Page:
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  1. #1

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    Kodak 3a autographic 6x14 panorama

    I made a 6x14 wide angle camera out of a kodak autographic, 3a model C. It works pretty good. Thought there might be some interest here.

    The camera uses an obsolete film so I made spacers out of dowels to fit 120 film. That has been the only problem. The film transport tends to bind up at the end of the roll.

    I added an ektra 101 lens but the lens on the autographc should work well. I also added an accessory shoe so I could mount a rangefinder on the camera.

    The original film counter window is painted black but i use the "autographic" window instead. It is covered in ruby red film.

    Pretty cool camera for not much money and just a little work. Here's the info:

    http://medfmt.8k.com/mf/postcard.html

  2. #2
    MenacingTourist's Avatar
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    I have one of these that has the extra back with the ground glass and a few film holders but no lens. This camera has really intrigued me and I found your site fasinating. Thanks for sharing.

    Alan.

  3. #3
    Jeremy's Avatar
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    Quote Originally Posted by MenacingTourist
    I have one of these that has the extra back with the ground glass and a few film holders but no lens. This camera has really intrigued me and I found your site fasinating. Thanks for sharing.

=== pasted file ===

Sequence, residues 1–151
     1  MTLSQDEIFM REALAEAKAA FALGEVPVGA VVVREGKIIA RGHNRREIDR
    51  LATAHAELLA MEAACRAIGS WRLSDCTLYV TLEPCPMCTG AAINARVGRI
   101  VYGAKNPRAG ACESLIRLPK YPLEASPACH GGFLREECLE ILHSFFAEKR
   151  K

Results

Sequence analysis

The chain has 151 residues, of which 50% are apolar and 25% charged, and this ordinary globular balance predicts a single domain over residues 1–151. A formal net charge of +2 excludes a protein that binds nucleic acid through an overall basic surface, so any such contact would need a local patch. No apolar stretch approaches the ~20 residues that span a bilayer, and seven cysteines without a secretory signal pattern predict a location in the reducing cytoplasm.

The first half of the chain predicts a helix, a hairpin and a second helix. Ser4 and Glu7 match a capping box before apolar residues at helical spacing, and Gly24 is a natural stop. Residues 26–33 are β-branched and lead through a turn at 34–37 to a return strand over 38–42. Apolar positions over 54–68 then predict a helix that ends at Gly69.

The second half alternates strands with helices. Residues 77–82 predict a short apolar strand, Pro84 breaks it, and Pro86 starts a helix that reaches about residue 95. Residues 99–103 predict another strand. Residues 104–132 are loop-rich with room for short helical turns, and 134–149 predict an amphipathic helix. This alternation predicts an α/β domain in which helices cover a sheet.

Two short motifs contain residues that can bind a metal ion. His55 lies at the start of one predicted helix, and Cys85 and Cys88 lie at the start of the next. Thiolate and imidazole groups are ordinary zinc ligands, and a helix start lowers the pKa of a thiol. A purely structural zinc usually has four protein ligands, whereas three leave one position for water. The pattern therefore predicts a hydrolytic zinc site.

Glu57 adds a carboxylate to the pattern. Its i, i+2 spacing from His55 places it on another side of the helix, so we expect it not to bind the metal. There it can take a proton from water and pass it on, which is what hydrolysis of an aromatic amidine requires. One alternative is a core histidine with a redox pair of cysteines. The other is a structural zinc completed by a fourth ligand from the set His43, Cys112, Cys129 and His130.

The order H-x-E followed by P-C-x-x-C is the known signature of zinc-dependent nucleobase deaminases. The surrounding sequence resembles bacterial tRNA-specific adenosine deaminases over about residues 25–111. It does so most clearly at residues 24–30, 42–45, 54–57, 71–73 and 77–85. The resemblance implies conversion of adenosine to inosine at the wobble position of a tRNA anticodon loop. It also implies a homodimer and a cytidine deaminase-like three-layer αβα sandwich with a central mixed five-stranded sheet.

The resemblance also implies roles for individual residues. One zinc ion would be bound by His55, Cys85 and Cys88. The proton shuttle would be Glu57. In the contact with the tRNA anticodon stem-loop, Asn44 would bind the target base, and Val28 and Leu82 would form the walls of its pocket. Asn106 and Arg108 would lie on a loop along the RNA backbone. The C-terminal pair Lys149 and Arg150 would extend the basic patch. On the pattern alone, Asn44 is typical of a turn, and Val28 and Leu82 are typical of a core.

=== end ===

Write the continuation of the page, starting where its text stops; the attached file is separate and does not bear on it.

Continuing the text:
Alan.
    Really? Care to trade it away if it's not being used? I have one of the autographic 3a's, but the lack of ground glass has turned me off and I know I won't be able to fashion a new one for it easily/cheaply.
    Let's see what I've got in the magic trash can for Mateo!

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  4. #4

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    Quote Originally Posted by MenacingTourist
    I have one of these that has the extra back with the ground glass and a few film holders but no lens. This camera has really intrigued me and I found your site fasinating. Thanks for sharing.

    Alan.
    hey menacing. How's the bellows in that camera? I have a source for a replacement bellows if you're interested.

  5. #5

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    Hey Kevin, did you try the glass 'film flatness' fix that Bob Monaghan suggests? I have a 3A that's been sitting around waiting for me to get around to this.

    Maybe now I'll get around to doing something with it. I'll ck the bellows and let you know if I need a new one .

    Can you post a photo from that camera?

    Thanks,
    Nathan

  6. #6

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    I didn't use the glass fix. I tried but it is difficult to fix properly. If the glass is added then the back won't fit on. The plates attached to the back of the camera touch the glass and prevent it from closing. To do it I'd have to fit the glass so it fits right in the opening of the camera body. Nothing to support it there.

    I guess I could have removed the film plates from the back door but than I'd have a bunch of rivet holes to deal with. Instead I added some foam strips to the door. Between the foam and the tightness of the film roll there doesn't seem to be any flatness issues.

    I have only shot a couple rolls however and they have all been in bright sun at f16 or smaller.

    If I get any problems using a wider opening I might try the glass approach or fashion some sort of supporting strips just on the edges.